One of the most common and basic types of Easements is the Affirmative Easement. An Affirmative Easement is an Easement that forces the owner of the Servient Estate to permit certain actions by the owner of the Dominant Estate, the Easement holder. A common example of an Affirmative Easement is an Easement that permits one property owner to discharge water onto the land of another. These Easements usually give someone the right of entry onto the land of another, so that the individual may do something on that land. It is important to note that Affirmative Easements do not arise when the right is one that amounts to profits, such as giving someone the right to log on your land, mine for gold, or drill for oil as these would be examples of profits.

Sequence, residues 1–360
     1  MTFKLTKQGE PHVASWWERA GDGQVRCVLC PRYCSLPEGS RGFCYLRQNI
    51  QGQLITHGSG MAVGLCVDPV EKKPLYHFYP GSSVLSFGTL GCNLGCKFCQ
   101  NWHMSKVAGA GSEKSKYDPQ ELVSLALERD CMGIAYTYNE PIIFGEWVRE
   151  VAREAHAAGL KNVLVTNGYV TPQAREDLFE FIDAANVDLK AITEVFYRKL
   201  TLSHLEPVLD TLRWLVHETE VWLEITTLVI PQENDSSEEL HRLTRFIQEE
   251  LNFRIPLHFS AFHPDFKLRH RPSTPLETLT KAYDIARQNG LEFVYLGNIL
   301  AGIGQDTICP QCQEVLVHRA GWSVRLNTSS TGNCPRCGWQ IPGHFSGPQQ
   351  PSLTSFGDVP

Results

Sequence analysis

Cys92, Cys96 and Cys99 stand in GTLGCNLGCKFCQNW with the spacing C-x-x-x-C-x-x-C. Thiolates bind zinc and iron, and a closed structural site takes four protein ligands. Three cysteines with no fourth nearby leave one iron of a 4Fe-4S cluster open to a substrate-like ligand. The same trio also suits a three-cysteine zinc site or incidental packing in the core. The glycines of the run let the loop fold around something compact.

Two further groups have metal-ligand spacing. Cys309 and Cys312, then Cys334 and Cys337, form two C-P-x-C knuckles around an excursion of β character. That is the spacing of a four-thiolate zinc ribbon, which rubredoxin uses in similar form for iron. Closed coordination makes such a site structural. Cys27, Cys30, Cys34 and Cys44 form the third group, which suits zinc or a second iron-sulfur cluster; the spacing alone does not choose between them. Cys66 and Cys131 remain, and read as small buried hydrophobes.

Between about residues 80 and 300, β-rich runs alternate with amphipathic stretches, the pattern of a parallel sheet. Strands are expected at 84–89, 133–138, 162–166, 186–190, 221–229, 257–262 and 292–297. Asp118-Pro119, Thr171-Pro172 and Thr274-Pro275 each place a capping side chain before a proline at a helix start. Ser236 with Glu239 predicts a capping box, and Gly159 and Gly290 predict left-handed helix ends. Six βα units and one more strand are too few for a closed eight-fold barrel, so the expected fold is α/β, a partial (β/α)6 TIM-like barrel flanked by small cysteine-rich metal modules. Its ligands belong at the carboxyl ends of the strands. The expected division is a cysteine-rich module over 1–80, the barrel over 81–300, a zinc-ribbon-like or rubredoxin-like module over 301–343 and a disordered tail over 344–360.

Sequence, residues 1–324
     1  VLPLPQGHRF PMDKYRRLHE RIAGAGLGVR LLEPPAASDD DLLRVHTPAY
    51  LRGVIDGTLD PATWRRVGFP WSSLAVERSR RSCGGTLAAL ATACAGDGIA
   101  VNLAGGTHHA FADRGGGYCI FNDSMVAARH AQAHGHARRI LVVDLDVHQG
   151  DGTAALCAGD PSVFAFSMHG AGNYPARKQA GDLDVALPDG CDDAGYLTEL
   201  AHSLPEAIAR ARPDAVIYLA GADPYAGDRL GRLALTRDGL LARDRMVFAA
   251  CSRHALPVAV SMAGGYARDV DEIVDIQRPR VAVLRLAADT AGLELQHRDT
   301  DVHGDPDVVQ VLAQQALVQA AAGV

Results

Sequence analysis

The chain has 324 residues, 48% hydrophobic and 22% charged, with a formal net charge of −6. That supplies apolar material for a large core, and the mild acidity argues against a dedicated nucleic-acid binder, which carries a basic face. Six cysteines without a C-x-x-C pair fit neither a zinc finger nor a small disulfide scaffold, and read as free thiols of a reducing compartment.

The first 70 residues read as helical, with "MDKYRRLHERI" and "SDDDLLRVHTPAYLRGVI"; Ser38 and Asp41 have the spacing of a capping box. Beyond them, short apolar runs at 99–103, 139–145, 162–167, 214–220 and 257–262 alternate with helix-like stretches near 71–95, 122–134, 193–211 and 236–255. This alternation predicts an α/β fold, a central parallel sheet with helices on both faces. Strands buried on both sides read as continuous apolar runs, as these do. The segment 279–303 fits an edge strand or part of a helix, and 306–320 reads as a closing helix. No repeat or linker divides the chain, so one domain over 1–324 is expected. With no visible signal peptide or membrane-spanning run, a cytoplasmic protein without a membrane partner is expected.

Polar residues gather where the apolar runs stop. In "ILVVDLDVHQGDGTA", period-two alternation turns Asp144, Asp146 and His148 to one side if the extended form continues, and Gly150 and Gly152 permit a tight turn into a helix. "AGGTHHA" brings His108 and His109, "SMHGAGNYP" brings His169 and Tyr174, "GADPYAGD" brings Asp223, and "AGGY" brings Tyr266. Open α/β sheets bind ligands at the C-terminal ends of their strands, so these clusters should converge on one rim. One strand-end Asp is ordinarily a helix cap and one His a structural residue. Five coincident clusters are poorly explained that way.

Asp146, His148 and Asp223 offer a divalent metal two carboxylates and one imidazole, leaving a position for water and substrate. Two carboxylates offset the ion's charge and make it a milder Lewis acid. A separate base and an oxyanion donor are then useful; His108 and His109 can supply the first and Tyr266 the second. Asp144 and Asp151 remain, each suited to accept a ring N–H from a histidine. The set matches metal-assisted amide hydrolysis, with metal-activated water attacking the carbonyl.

Some Affirmative Easements are relatively commonplace, for example giving a right of way across your land or giving another the right to discharge water on to your land. Other examples of Affirmative Easements, however, are much rarer. One example of a rare Affirmative Easement may be the right to use a toilet that is located on someone else’s land. Another is the right to use a laundry room on someone else’s land to wash clothes, or the right to use a path and to access and swim in a swimming pool that is on another’s property. In some places, even the right to occupy a certain pew in a church was given as an Affirmative Easement. The key to distinguishing an Affirmative Easement from some of the other kinds of Easements is that an Affirmative Easement gives the benefited individual some right to do something on the land of the burdened individual.